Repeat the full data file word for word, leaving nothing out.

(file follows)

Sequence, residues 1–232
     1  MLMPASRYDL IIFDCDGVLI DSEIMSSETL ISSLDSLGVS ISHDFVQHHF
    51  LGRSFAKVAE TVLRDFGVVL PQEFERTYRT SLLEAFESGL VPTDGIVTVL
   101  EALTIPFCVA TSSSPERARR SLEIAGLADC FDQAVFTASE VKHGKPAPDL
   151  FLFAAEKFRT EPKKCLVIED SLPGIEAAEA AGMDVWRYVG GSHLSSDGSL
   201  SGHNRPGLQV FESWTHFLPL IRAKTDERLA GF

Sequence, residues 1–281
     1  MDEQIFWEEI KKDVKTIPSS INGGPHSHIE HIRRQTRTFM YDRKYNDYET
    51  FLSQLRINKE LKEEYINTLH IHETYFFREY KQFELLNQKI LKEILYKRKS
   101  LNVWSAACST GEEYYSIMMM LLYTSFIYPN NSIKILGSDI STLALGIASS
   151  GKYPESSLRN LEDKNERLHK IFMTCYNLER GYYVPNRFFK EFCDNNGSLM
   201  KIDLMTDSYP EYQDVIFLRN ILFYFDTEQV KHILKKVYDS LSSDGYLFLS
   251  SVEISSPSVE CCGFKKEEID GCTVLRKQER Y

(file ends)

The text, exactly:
Sequence, residues 1–232
     1  MLMPASRYDL IIFDCDGVLI DSEIMSSETL ISSLDSLGVS ISHDFVQHHF
    51  LGRSFAKVAE TVLRDFGVVL PQEFERTYRT SLLEAFESGL VPTDGIVTVL
   101  EALTIPFCVA TSSSPERARR SLEIAGLADC FDQAVFTASE VKHGKPAPDL
   151  FLFAAEKFRT EPKKCLVIED SLPGIEAAEA AGMDVWRYVG GSHLSSDGSL
   201  SGHNRPGLQV FESWTHFLPL IRAKTDERLA GF

Sequence, residues 1–281
     1  MDEQIFWEEI KKDVKTIPSS INGGPHSHIE HIRRQTRTFM YDRKYNDYET
    51  FLSQLRINKE LKEEYINTLH IHETYFFREY KQFELLNQKI LKEILYKRKS
   101  LNVWSAACST GEEYYSIMMM LLYTSFIYPN NSIKILGSDI STLALGIASS
   151  GKYPESSLRN LEDKNERLHK IFMTCYNLER GYYVPNRFFK EFCDNNGSLM
   201  KIDLMTDSYP EYQDVIFLRN ILFYFDTEQV KHILKKVYDS LSSDGYLFLS
   251  SVEISSPSVE CCGFKKEEID GCTVLRKQER Y